Connect With Your ECS Through Elevate Holistics

So, how does CBD interact with the endocannabinoid system? With the discovery of the ECS system being fairly recent, scientists aren’t yet sure. But learning more about how THC affects the endocannabinoid system, along with other molecules, is getting us there. Overall, because cannabis stimulates the activity of the ECS, it is a great treatment option for a variety of conditions that the ECS controls.

Would you like to begin your cannabis journey and find out how medical marijuana can help you? Elevate Holistics offers a fully online, secure process to get your medical marijuana card. We connect you with a cannabis physician for a virtual appointment and help you the rest of the way.

Book an appointment to get your MMJ card with Elevate Holistics to start feeling better naturally.

Do you need more advice on using cannabis as healthcare? Elevate Holistics also provides additional services like a virtual consultation with a cannabis nurse upon booking.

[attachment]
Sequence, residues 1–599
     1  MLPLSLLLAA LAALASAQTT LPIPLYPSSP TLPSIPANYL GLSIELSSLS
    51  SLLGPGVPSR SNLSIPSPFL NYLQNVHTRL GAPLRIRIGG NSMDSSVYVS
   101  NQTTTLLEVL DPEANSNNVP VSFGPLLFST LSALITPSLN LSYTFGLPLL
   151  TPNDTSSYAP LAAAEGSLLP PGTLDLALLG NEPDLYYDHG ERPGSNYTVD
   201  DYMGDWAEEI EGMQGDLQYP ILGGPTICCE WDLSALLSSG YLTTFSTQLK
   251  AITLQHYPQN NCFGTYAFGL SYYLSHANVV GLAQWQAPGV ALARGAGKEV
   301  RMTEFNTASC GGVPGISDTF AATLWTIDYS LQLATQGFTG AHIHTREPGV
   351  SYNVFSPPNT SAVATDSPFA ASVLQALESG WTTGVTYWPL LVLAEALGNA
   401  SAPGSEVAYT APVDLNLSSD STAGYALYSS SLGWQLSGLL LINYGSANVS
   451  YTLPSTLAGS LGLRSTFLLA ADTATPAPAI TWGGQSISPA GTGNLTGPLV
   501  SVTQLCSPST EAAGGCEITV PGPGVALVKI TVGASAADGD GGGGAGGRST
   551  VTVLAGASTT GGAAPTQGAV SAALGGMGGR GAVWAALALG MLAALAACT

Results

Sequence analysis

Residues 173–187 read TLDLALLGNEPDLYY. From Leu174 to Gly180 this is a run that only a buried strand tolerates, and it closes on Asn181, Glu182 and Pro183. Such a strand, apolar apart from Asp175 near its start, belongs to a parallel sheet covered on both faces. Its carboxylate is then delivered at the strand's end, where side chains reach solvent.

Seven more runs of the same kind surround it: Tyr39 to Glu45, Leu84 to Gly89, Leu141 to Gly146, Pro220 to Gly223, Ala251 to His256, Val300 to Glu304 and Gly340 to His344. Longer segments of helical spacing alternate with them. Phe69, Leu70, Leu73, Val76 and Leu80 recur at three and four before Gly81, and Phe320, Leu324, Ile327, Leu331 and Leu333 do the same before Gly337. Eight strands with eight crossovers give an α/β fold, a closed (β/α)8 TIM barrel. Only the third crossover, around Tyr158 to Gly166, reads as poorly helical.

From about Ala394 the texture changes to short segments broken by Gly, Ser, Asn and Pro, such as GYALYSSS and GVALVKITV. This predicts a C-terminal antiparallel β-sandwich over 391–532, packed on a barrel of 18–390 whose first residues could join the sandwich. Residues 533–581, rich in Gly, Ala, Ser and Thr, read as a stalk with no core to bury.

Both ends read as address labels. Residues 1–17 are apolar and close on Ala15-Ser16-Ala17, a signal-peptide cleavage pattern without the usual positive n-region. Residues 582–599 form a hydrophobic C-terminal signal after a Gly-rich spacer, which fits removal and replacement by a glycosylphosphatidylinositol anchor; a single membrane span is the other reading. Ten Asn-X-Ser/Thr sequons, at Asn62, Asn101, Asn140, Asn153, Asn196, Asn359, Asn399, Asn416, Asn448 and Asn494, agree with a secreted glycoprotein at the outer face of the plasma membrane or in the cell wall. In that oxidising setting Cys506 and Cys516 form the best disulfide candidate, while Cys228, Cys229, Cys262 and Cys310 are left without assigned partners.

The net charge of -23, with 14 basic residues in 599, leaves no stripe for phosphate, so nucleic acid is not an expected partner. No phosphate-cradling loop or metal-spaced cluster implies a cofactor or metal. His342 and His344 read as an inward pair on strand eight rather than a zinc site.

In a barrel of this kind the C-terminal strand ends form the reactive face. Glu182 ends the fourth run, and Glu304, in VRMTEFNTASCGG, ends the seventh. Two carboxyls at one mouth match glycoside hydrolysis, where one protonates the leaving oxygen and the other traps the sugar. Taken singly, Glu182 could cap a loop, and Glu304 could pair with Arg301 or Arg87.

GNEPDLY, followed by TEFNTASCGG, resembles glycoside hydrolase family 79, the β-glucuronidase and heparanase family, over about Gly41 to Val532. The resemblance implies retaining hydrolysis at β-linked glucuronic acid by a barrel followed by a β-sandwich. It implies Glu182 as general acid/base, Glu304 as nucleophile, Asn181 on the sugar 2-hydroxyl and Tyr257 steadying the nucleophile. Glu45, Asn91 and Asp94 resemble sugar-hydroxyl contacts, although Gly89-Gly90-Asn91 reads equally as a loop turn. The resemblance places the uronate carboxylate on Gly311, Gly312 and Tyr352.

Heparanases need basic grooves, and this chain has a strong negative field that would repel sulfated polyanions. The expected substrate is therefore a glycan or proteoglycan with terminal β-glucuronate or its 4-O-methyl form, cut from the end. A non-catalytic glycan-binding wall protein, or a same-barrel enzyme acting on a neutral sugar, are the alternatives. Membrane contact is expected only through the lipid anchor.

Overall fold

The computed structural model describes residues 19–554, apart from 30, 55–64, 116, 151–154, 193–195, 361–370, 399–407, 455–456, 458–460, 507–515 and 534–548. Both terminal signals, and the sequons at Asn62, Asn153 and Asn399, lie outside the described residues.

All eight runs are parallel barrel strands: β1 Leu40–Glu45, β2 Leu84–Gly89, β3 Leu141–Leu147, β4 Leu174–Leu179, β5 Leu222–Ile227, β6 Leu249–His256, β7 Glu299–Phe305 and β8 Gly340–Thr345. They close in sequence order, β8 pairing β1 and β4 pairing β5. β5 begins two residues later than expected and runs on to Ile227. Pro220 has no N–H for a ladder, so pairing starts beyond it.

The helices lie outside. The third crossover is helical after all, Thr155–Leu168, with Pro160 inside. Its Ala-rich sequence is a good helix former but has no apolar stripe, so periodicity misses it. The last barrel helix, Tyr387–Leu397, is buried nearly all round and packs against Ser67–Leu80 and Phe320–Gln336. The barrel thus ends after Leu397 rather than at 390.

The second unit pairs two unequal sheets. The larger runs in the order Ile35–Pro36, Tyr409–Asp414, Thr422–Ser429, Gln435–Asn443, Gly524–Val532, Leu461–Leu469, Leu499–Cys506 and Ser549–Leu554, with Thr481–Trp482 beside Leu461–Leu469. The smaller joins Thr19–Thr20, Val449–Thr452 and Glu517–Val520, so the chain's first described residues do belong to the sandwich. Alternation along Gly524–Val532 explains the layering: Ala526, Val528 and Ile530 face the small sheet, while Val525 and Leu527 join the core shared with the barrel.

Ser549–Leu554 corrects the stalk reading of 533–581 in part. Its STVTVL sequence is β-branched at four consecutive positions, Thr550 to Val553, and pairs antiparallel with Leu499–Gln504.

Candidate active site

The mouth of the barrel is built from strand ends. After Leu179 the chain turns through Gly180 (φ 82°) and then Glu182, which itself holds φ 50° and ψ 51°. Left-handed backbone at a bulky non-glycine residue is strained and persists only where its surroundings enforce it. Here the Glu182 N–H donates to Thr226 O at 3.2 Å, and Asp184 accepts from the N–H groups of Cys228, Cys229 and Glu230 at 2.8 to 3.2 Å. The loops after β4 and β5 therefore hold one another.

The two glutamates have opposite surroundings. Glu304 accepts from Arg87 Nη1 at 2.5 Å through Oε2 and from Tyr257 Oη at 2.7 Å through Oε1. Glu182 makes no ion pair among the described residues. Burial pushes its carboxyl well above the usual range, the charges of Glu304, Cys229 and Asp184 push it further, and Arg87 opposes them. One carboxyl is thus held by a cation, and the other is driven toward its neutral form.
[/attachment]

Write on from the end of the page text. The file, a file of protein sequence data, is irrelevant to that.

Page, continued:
Elevate Holistics keeps its patients up to date on the world of weed with our blog. From CBD and the endocannabinoid system to the latest state laws, we have the information you need. Sign up to receive our newsletter to stay in the know.

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About the author

Michael Lawal is a seasoned content writer with specialized expertise in the medical cannabis industry. With a background that blends journalism and health sciences, Michael has a knack for translating complex medical cannabis research into accessible and engaging content. His writing portfolio showcases a range of work from informative articles and research summaries to patient education materials. Committed to raising awareness about the benefits and responsible use of medical cannabis, Michael's work is a valuable resource for both consumers and professionals in the field.